Music is Key in New Orleans’ Eclectic Dining Culture
At New Orleans staple Café Negril on Frenchman Street, local bands like Noggin, Higher Heights or John Lisi & Delta Funk perform nightly under a towering Bob Marley mural. The setting is no frills, as with most establishments in this live-music obsessed neighborhood, but the attraction is a combination of phenomenal food paired with exceptional bands.
Reuben’s Taco Stand, tucked in the back of Café Negril, serves up made-to-order Mexican pub grub, including steak tacos, over-sized gorditas and burritos. It’s the sort of fare one’s grateful to encounter late night, but it’s even more enjoyable while watching a five-piece horn section and drummer bang out a 10-minute tribute to the Beatles.
It’s no coincidence music has such an impact on customers as they’re dining. According to a recent study by Broadcast Music Inc. (BMI), a membership association boasting more than 400,000 composers, songwriters, music publishers and lyricists in the United States, consumers eat, drink and spend more when live music is played.
In fact, the study continues, 82 percent of diners say they would recommend a restaurant with live music to friends and 83 percent say they would likely return to a restaurant if it offers live music. It’s a trend Big Easy eateries like Café Negril and others take to heart.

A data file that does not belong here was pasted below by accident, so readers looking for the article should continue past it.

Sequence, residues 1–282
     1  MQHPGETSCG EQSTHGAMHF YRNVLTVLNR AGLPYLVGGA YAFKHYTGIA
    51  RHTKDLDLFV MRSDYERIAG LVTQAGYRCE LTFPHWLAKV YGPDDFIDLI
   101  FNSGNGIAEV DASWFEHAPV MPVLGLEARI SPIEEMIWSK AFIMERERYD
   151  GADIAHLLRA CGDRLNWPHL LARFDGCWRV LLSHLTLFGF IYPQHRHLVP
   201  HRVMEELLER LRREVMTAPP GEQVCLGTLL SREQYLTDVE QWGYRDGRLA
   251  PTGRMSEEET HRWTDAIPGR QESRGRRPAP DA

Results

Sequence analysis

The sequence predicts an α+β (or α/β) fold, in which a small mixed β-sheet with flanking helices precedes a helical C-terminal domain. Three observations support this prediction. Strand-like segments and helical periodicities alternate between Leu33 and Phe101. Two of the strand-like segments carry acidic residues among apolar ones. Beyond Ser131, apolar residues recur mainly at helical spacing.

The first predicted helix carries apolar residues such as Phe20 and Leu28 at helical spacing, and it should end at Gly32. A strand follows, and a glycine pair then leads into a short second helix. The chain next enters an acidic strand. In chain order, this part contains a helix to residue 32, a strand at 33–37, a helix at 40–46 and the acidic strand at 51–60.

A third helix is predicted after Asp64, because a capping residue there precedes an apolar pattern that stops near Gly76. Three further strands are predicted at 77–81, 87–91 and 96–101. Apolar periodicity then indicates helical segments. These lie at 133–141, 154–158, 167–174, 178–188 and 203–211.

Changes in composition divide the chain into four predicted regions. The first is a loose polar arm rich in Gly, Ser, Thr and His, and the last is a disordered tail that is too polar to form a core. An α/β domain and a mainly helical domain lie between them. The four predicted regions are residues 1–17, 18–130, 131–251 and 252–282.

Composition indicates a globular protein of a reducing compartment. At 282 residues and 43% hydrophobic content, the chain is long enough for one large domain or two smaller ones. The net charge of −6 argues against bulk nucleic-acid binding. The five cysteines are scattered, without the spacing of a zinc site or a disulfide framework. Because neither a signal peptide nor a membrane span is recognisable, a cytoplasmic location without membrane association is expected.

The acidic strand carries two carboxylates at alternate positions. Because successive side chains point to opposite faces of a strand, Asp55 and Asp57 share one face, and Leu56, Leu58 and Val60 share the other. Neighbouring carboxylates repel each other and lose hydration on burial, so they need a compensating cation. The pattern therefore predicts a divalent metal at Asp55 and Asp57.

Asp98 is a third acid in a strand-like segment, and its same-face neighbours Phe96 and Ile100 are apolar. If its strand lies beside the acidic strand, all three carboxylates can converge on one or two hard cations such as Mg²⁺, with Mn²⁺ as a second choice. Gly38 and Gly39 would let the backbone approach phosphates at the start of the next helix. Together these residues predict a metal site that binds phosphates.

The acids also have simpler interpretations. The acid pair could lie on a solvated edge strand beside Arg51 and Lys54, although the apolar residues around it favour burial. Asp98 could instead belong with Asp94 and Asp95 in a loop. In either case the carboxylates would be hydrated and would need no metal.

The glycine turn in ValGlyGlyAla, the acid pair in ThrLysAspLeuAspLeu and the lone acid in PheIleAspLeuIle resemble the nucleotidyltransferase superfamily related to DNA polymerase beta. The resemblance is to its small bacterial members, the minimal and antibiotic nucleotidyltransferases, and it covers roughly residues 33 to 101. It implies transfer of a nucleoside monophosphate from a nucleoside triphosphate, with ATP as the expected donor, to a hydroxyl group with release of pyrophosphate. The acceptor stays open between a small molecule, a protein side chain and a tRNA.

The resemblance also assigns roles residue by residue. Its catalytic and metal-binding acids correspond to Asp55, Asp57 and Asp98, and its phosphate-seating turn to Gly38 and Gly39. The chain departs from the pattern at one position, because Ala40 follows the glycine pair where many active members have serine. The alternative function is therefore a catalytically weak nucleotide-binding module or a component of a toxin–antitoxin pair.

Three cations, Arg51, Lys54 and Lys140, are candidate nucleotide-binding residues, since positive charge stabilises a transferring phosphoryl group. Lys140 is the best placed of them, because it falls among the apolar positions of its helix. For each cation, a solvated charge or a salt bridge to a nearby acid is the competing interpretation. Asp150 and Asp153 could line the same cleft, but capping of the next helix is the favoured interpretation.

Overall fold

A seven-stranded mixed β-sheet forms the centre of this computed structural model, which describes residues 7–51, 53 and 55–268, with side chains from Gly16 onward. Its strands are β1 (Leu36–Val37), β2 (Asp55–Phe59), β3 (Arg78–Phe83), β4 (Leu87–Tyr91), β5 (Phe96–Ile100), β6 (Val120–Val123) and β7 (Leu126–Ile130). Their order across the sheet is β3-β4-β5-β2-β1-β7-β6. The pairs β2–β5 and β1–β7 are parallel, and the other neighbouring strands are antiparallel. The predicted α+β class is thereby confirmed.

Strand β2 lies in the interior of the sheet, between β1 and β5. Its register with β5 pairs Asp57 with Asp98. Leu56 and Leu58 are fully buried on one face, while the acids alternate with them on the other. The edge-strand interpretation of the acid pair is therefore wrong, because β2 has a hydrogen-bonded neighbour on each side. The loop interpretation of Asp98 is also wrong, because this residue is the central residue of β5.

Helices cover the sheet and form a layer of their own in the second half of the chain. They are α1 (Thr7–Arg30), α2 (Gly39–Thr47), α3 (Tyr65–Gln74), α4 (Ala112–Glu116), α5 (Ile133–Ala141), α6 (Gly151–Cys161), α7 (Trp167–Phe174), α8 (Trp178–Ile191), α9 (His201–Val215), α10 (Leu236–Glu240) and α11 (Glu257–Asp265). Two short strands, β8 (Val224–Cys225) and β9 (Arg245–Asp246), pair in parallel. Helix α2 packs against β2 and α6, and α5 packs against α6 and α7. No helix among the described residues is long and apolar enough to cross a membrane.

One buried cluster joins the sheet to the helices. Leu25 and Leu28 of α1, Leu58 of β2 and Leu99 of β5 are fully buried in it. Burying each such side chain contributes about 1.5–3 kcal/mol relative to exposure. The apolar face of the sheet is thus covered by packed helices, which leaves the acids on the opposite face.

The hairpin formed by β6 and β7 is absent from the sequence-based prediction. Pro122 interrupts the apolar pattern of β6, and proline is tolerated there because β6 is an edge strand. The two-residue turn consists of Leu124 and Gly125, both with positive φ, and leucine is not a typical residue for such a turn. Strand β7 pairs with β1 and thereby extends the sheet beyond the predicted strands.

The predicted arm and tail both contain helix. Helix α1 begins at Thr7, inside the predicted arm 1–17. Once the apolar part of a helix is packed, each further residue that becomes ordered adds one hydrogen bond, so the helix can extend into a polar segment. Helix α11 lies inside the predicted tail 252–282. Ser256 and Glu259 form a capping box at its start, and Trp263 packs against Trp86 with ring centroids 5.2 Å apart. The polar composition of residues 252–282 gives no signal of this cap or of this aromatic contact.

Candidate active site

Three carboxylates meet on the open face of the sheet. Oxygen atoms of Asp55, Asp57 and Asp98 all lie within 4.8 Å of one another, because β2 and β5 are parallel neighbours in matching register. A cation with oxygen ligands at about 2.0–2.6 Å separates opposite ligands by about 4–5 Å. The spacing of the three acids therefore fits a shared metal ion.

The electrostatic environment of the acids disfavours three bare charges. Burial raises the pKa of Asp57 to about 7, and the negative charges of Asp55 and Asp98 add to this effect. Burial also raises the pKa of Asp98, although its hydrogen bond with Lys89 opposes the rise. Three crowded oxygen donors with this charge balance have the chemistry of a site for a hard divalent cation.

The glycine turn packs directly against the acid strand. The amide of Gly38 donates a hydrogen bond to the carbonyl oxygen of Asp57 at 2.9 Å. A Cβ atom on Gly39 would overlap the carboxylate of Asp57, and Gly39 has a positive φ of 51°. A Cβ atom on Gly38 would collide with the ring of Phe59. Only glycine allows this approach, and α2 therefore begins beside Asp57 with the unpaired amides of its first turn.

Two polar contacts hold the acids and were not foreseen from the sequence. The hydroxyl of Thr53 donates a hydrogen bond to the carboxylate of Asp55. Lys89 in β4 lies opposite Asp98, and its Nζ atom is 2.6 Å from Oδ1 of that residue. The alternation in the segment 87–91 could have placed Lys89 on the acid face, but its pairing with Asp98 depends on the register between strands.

At Bombay Club, a luxurious lounge bound in leather and hard wood accents, traditional jazz, New Orleans-style jazz and blues are the soundtrack. Dinner consists of modernized New Orleans fare, including beer-battered crab & chorizo beignets, seared Gulf fish with chorizo dirty rice, and a Scotch egg with bacon-braised black-eyed peas.
Did you know that Commander’s Palace invented the jazz brunch? The restaurant’s been around since 1880, and the extravagant weekend affair almost as long. A lively, local jazz trio performs as guests indulge in a three-course feast of such decadent specialties as pecan-roasted Gulf fish, smoked redfish & wild white shrimp fritters and Creole bread pudding soufflé. The jazz brunch sells out every weekend.
In the first-floor saloon of The Little Gem Saloon, diners may enjoy the likes of a 14-piece, high-energy jazz band, classic soul artists or performances by local legend Kermit Ruffins and the BBQ Swingers. The menu is described as New Southern soul food: fried pork chop Po’Boy, crawfish mac and cheese, and a fried oyster salad.
Another Frenchman Street favorite is The Maison, a tri-level restaurant also serving up exhilarating shows by local brass, funk and jazz bands. Standout entrées consist of slow-roasted duck in a pepper jelly glaze, penne primavera in a Creole garlic and butter sauce, and a grilled pork chop marinated in bourbon honey glaze.
And there’s a host of vegetarian and vegan items on the menu at Three Muses, from Italian mac and cheese to a tofu rice bowl of marinated tofu, spinach, sprouts and house-made kimchi. The music: ragtime, jazz, swing and blues.